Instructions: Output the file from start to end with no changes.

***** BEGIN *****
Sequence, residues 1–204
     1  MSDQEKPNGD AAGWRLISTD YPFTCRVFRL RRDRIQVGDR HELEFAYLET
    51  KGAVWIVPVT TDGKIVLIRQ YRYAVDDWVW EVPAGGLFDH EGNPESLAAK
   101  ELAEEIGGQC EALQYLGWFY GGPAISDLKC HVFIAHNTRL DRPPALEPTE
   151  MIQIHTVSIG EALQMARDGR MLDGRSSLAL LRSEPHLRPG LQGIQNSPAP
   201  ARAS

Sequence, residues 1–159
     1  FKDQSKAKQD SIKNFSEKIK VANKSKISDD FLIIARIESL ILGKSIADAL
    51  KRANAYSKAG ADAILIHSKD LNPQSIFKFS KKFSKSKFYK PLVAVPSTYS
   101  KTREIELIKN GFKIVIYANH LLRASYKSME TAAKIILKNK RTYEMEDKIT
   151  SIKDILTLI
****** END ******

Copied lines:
Sequence, residues 1–204
     1  MSDQEKPNGD AAGWRLISTD YPFTCRVFRL RRDRIQVGDR HELEFAYLET
    51  KGAVWIVPVT TDGKIVLIRQ YRYAVDDWVW EVPAGGLFDH EGNPESLAAK
   101  ELAEEIGGQC EALQYLGWFY GGPAISDLKC HVFIAHNTRL DRPPALEPTE
   151  MIQIHTVSIG EALQMARDGR MLDGRSSLAL LRSEPHLRPG LQGIQNSPAP
   201  ARAS

Sequence, residues 1–159
     1  FKDQSKAKQD SIKNFSEKIK VANKSKISDD FLIIARIESL ILGKSIADAL
    51  KRANAYSKAG ADAILIHSKD LNPQSIFKFS KKFSKSKFYK PLVAVPSTYS
   101  KTREIELIKN GFKIVIYANH LLRASYKSME TAAKIILKNK RTYEMEDKIT
   151  SIKDILTLI